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Kyrgyz vote setback could spark violence - governor
by Dmitry Solovyov

Reuters    Translate This Article
9 October 2010

OSH, Kyrgyzstan (Reuters) - Voters could try to foment violence in southern Kyrgyzstan should candidates they support fail to win seats in a new parliament, the governor of volatile Osh province said on Saturday.

Kyrgyzstan votes on Sunday to create the first parliamentary democracy in Central Asia in a year that has seen the president overthrown and hundreds of people killed in ethnic clashes in the south of the impoverished former Soviet republic.

Sooronbai Dzheyenbekov, who governs the Osh region that was at the epicentre of the June bloodshed, said he expected the landmark election to be free of the corruption and fraud that has dogged previous presidential votes in Kyrgyzstan.

However, the results may not please everybody in the city, where tension persists between ethnic Kyrgyz and Uzbek residents and many still live in tents after their homes were destroyed.

'There are voices saying that, if they are not given enough votes, there will be a repeat of the Osh events. We will not let this happen,' Dzheyenbekov said in an interview.

He declined to identify whom he thought might try to instigate violence. He said a successful election would be key to restoring people's trust in the authorities.

'We are ready to defend the constitution and even to sacrifice our lives for Kyrgyzstan to be democratic and independent. If the unrest is not purposefully organised, people will not go out on the streets of their own volition.'

The interim government of Kyrgyzstan, led by acting president Roza Otunbayeva, has struggled to impose its authority in the south since coming to power after the popular revolt that toppled President Kurmanbek Bakiyev in April.

An attempt in August to remove the powerful mayor of Osh, Melis Myrzakmatov, was abandoned after thousands of his supporters—some of them on horseback—rallied in the central square. Myrzakmatov has made no public appearances in the run-up to the elections.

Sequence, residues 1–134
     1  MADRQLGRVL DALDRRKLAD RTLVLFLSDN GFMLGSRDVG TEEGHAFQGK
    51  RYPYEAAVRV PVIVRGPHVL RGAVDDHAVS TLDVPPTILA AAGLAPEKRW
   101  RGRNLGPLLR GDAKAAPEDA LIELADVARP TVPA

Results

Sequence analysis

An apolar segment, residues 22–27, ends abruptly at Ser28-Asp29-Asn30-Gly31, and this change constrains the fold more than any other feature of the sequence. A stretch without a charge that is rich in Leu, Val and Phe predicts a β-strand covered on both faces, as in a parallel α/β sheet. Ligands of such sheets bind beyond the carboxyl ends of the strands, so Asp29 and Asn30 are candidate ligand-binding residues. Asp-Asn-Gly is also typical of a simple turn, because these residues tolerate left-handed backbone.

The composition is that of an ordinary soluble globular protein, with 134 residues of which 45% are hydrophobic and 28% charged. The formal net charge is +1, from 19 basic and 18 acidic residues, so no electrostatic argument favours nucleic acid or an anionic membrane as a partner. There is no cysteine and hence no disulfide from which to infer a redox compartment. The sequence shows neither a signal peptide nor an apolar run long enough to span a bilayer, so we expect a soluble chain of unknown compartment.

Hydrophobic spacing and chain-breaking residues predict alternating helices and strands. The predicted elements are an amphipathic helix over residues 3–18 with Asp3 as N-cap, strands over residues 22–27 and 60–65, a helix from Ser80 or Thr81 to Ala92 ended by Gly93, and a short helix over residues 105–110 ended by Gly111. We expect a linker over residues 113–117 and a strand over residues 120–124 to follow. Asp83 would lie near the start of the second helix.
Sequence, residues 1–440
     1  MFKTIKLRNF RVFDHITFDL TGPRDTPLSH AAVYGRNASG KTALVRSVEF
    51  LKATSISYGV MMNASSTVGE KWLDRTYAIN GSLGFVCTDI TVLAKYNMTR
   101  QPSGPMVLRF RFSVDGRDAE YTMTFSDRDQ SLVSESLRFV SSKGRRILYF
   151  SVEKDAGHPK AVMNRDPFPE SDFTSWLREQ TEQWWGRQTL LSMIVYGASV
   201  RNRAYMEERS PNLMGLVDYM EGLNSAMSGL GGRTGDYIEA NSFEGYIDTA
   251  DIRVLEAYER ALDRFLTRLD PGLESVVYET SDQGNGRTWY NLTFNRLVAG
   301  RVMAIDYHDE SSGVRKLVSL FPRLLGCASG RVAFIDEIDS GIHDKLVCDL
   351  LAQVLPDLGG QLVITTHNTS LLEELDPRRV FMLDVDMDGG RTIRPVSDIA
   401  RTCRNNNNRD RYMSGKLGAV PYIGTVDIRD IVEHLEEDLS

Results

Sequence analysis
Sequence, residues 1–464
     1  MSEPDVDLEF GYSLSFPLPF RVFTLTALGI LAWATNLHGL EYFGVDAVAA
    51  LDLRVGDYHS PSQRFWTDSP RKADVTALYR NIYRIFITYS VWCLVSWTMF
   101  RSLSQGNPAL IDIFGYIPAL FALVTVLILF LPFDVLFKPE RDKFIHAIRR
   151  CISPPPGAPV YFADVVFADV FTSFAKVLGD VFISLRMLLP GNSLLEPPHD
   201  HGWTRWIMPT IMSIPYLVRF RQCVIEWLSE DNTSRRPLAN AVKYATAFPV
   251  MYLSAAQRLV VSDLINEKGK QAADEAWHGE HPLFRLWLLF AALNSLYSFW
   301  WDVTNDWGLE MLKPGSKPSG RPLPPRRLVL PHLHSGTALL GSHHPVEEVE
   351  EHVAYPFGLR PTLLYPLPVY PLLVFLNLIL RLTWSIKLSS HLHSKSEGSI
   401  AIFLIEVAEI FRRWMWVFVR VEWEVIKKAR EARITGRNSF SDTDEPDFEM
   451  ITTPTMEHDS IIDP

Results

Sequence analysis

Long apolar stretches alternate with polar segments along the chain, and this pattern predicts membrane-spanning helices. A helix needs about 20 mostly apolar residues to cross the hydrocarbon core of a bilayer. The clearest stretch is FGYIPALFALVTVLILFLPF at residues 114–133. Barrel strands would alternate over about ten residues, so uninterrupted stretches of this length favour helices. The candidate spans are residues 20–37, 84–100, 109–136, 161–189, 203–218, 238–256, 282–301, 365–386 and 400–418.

In a televised address on Saturday, Otunbayeva urged the people of Kyrgyzstan to vote. 'We are electing not only a parliament, but a new system of government,' she said. 'We are turning over a new page in the history of Kyrgyzstan.'

Dzheyenbekov said he believed there would be little opportunity for fraud during the election, which will be monitored by around 800 observers nationwide, including 250 from the Organisation of Security and Cooperation and Europe (OSCE).

'There was always massive ballot stuffing during all the previous elections,' he said. 'It will never again be the same.'

Among the frontrunners in Osh is Ata Zhurt, a nationalist party popular in the south with ethnic Kyrgyz.

In Uzbek neighbourhoods, the most prominent campaign posters are for the Respublika party of ex-parliamentary deputy Omurbek Babanov and the Ar-Namys party of Felix Kulov, a former prime minister and fierce critic of the parliamentary democracy idea.

Many Uzbeks said they would vote in the hope of stability.

'After the elections, there will be a stable authority. This is our hope. This is what we are asking God for,' said Miradilzhon Muidinov, headmaster of the Lev Tolstoi school.

Classes at the school, in a village near Osh, now take place inside 11 tents provided by UNICEF. The school building itself was burnt to the ground in the June violence.

If nothing else, the election has brought some colour to the streets of Osh. One local resident, who declined to be named, gazed at the campaign posters and said: 'They will hang here for at least a year, because they are so beautiful.'

(Additional reporting and writing by Robin Paxton in Bishkek; editing by Mark Heinrich)

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